Scott Indrisek: Artsy
My wife was happily squeezing herself into a cage, and there I stood, just watching, not even tempted to take a photograph and post it online (#brucenauman #momaps1 #doublesteelcagepiece #tightspot). We were at the Bruce Nauman retrospective at MoMA PS1, and I was on a temporary Instagram detox at the time, one that involved a vast amount of self-trickery. Rather than ditching the app entirely, I reasoned, why not just set some parameters? I’m an adult, after all. I’d limit myself, make each Instagram post a curated delectation. Restraining the habit to posting a single image a week, I ventured, would curb my worst impulses. (It’s the same way I’d initially tried, and failed, to quit smoking or drinking: Only five cigarettes a day! Just seven-and-a-half drinks a week!) In the meantime, I wouldn’t keep Instagram on my phone—I’d delete it and re-download it every five or six days, in order to be more mindful. The pointless hassle would change me, open up new ways of being.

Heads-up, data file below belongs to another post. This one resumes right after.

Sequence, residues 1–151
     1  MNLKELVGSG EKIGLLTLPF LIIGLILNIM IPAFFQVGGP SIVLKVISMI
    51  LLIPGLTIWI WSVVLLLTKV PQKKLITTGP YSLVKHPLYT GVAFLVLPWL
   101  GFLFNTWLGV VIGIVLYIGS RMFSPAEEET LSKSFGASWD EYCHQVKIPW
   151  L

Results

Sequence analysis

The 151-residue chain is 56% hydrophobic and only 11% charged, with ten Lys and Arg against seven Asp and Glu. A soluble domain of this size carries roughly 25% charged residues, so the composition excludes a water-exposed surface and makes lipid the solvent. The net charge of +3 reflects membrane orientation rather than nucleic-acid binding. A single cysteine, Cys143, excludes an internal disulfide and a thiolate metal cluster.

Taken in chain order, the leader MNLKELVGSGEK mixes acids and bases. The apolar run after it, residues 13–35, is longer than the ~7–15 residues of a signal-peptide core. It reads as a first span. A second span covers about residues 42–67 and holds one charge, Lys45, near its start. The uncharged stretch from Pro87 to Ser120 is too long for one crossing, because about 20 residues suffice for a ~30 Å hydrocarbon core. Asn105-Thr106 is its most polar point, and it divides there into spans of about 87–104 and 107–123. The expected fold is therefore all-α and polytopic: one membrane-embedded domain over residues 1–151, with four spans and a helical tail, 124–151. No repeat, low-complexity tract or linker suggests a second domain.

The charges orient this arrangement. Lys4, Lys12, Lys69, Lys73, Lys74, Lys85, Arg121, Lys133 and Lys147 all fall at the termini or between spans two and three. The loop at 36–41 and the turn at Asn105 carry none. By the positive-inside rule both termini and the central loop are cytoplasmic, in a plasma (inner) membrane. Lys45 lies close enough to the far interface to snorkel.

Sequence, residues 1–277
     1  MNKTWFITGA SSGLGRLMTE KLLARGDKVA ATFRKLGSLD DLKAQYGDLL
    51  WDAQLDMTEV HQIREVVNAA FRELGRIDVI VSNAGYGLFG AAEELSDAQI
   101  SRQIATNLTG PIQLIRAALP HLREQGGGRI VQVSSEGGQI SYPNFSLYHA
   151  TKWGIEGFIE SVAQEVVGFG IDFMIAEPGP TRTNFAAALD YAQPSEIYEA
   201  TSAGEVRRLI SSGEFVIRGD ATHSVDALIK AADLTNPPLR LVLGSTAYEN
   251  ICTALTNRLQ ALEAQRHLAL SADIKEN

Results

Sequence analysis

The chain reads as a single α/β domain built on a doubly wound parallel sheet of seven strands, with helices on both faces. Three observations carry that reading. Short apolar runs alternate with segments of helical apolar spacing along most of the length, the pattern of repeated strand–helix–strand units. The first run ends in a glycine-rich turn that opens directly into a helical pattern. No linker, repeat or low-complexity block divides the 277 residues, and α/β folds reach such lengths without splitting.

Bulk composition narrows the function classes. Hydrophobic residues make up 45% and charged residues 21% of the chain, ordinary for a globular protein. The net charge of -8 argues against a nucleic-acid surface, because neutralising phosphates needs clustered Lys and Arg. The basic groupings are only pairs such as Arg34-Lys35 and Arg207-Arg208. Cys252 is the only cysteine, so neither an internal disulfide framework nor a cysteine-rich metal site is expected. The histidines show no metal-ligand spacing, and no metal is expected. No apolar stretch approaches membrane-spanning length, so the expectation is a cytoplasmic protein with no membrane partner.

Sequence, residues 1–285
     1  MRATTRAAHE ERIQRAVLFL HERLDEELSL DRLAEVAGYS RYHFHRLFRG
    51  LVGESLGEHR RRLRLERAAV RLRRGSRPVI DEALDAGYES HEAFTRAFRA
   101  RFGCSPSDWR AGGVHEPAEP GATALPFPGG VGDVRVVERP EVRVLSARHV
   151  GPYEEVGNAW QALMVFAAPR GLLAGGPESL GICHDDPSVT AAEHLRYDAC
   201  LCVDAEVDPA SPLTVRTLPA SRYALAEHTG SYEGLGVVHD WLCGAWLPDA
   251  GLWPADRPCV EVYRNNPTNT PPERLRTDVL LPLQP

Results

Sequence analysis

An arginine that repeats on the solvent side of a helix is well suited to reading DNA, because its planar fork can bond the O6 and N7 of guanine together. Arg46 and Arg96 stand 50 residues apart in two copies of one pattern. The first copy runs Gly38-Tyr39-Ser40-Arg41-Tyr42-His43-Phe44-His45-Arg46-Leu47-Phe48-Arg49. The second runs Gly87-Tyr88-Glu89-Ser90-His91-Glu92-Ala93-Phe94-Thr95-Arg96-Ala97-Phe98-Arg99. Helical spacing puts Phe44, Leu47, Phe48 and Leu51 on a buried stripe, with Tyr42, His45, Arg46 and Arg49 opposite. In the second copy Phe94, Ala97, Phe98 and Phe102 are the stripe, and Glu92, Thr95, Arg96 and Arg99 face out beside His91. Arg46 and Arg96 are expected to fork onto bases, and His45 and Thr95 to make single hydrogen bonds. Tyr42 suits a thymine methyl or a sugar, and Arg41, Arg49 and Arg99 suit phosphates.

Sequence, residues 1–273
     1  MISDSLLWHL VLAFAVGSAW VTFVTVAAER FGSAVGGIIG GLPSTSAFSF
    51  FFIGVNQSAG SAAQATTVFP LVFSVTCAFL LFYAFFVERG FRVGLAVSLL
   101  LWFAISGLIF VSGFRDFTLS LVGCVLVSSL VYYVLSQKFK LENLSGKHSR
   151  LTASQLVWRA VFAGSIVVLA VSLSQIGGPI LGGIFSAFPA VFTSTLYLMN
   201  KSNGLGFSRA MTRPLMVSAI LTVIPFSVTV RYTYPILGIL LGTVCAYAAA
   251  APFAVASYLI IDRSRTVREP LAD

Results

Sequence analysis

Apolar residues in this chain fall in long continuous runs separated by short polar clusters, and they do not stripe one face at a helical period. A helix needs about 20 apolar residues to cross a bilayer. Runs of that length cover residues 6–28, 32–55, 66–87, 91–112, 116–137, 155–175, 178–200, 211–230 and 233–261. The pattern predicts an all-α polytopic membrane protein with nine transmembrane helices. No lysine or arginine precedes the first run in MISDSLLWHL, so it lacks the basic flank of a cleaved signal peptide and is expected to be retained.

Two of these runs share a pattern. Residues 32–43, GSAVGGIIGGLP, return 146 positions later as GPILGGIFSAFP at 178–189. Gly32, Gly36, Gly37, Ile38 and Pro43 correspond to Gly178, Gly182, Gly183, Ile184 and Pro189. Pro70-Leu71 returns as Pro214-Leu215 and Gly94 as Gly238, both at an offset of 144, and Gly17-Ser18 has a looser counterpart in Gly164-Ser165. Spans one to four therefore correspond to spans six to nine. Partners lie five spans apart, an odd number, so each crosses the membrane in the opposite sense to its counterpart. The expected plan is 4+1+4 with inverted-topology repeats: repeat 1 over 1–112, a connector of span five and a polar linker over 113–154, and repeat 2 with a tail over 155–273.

This was already a big leap, since I’m the sort of person for whom Instagram-posting had become a tic, the photographic equivalent of logorrhea. By the time I quit, I had posted an astounding 14,479 images to Instagram over the years. On any given day there were so many things I felt desperately needed to be shared with the world: A glamour shot of my cat, Chloe Zola Volcano; a detail from the new Dana Schutz exhibition; a picture of a dirty mattress on the curb, pompously captioned as if it were itself an unsung piece of installation art. I had 6,241 followers, which wasn’t nothing. My brand was irreverence, see? I’d even started, begrudgingly, to dabble in Instagram Stories, mainly because I’d read somewhere that this type of “engagement” was the swiftest way to add new followers. …Read More
Pictured: Taking pictures of Lena Henke’s exhibition, “Germanic Artifacts,” at Bortolami in New York.